Ch ch changes

Today would have been my dads 72nd birthday. He passed away suddenly 11 months ago, and has been on my mind a lot lately. After my grandmother died in 2014, my dad changed. I didn’t understand the change fully for a few months. After she passed away, he told me he wanted to be a better father to my sister and I, a better grandfather to his grandchildren. I half believed him. What did i need a dad for at my age?

You know what? He did change, and I found that I did need a dad. He was there for my sister and I the last two years of his life in ways he had rarely been there for most of our lives. He had always been the fun dad, more of a friend than parent. He let my mom do the heavy load of parenting, and fully acknowledged this.

After my grandmothers death, dad became more emotional. He would come to Michigan on a moments notice just to see us. He helped me do stuff around my house, helped my sister when she was sick. He would just sit with me when Mike was in the hospital, and hold my hand. He would just be here. I miss him so much.

When I married Mike my dad openly wept at the wedding. We got married by our pastor with only a few people in attendance. I was somewhat surprised at how emotional my dad got. I always wondered if he cried so hard at the wedding because after being my grandmothers primary caregiver for the last several years of her life, he knew what i was going to go through as Mikes illness progressed. I’ll never know why he wept because my dad would never say anything to me less than encouraging. He rarely gave advice, and never unsolicited. When i did ask his opinion, he would weigh out his words very very carefully, before saying something thoughtful and meaningful. It could have just been a very touching moment for him, and he wept out of happiness for us. I never asked him.

Growing up, I thought my dad was so handsome, and the smartest person in the world. He was funny, and the ladies loved him. I have heard from many of his friends since he passed, and believe me it gives me great comfort. That is something that anyone who has suffered great loss can tell you. We long for people to bring up our loved ones in conversation. We love to hear your old stories about our lost loved ones. They are never far from our thoughts, and keeping them alive in your words helps us.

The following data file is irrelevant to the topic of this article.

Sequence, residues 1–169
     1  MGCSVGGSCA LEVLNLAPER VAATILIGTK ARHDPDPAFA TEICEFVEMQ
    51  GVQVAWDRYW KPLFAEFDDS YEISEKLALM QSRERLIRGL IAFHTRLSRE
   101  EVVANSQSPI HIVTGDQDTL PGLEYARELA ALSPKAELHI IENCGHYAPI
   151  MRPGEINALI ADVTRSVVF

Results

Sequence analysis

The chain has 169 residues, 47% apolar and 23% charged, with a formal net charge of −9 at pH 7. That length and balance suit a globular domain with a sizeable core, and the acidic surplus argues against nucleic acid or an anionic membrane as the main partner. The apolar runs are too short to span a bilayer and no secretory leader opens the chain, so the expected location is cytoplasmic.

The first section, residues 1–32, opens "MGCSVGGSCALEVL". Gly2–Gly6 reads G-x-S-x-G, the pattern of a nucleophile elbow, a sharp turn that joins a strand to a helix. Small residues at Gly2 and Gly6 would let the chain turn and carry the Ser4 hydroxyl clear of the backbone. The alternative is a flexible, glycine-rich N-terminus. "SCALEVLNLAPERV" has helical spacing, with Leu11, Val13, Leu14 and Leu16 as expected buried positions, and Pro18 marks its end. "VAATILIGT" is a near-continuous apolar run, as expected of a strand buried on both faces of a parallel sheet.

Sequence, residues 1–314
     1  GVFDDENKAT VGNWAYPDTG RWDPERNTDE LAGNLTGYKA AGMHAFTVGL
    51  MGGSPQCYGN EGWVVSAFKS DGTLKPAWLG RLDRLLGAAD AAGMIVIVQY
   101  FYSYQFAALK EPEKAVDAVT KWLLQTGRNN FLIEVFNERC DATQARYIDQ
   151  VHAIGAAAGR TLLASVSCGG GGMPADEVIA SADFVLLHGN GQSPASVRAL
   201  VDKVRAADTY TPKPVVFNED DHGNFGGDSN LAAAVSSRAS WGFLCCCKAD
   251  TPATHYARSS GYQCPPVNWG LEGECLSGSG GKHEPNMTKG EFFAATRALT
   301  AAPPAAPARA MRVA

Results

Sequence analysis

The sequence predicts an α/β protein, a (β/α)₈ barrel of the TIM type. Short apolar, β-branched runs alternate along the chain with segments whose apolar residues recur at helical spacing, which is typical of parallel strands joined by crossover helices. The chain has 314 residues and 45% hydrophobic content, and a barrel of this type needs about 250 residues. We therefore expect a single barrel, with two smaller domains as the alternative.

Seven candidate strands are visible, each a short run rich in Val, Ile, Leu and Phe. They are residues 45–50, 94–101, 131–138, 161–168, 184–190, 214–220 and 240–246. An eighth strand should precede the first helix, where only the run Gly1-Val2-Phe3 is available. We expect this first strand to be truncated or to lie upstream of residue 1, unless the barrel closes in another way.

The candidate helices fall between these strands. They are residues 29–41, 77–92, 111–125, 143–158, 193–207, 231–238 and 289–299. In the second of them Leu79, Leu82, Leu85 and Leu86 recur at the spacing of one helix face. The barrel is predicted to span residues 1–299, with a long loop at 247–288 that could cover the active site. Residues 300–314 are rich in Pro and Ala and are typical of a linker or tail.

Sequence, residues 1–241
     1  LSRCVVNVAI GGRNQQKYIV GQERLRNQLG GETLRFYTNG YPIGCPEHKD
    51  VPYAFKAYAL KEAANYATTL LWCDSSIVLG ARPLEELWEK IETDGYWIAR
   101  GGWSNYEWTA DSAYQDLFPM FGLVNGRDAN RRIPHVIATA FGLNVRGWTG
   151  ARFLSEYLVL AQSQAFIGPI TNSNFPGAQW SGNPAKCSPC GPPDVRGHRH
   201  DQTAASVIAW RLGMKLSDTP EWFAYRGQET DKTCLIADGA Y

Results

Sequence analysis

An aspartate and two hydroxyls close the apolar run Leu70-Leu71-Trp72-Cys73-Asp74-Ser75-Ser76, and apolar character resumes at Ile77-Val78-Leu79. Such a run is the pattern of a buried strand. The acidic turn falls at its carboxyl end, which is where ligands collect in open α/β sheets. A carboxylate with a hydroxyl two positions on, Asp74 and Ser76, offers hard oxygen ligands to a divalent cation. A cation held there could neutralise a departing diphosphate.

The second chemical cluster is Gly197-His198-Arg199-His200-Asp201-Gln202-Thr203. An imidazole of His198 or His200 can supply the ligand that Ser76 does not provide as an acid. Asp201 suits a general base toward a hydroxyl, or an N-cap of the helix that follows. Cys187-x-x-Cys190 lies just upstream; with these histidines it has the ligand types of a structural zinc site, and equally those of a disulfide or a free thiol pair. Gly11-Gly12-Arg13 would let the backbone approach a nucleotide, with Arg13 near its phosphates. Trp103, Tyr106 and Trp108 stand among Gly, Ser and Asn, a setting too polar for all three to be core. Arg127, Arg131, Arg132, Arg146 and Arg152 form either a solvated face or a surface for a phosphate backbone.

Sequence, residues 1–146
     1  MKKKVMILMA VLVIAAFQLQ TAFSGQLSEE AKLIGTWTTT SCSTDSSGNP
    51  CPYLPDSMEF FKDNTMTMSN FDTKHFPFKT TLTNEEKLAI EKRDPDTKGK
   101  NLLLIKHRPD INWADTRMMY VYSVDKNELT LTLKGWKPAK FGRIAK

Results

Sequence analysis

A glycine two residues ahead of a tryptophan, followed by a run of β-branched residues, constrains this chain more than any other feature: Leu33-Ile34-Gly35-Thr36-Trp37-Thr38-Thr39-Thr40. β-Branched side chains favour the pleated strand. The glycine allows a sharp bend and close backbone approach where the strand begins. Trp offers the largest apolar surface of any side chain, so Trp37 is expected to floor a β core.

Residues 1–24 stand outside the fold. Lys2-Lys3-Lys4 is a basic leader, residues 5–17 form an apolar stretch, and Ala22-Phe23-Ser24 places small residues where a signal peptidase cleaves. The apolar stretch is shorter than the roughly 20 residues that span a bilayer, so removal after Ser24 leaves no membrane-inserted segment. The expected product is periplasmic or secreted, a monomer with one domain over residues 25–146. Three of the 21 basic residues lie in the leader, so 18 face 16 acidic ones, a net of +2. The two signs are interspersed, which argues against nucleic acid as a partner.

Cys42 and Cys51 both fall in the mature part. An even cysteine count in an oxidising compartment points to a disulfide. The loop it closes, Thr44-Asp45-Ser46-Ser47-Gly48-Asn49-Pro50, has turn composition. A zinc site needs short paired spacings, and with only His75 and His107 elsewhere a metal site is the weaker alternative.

Loss does change us. Grief changes us. My dad changed after his mothers death, and i have changed after his death. In some respects i don’t even recognize the person I am right now. My emotions are right there all the time, and it is so annoying. It gets annoying crying in the grocery store, or on the phone when you are talking to a contractor about getting your floors redone. I just do the best i can, and try to be patient with myself. I am not ignoring my grief, but am trying not to wallow in it either.

My mom and my sister used to say that i walk just like him, and that I am a lot like him in many ways. They don’t always mean that in a good way. That’s ok with me. I think he would be proud of how i have handled myself in the last year. I think he would be proud of the way i have parented my daughter largely alone, put negative people out of my life, loved fiercely and deeply, and kept my people close. He would be proud that my sister and I are strong women, good mothers to our children, and good wives to our husbands.

That’s enough.



  1. I just read your latest blog & it touched my heart because I, too, was a daddy’s girl & was sure that my dad could do almost anything. We’re very Irish & emotional anyway. I remember so many times that I was overwhelmed by his sweet & crazy love. It taught me so much. Memories of our fathers…..I love you, Anne!

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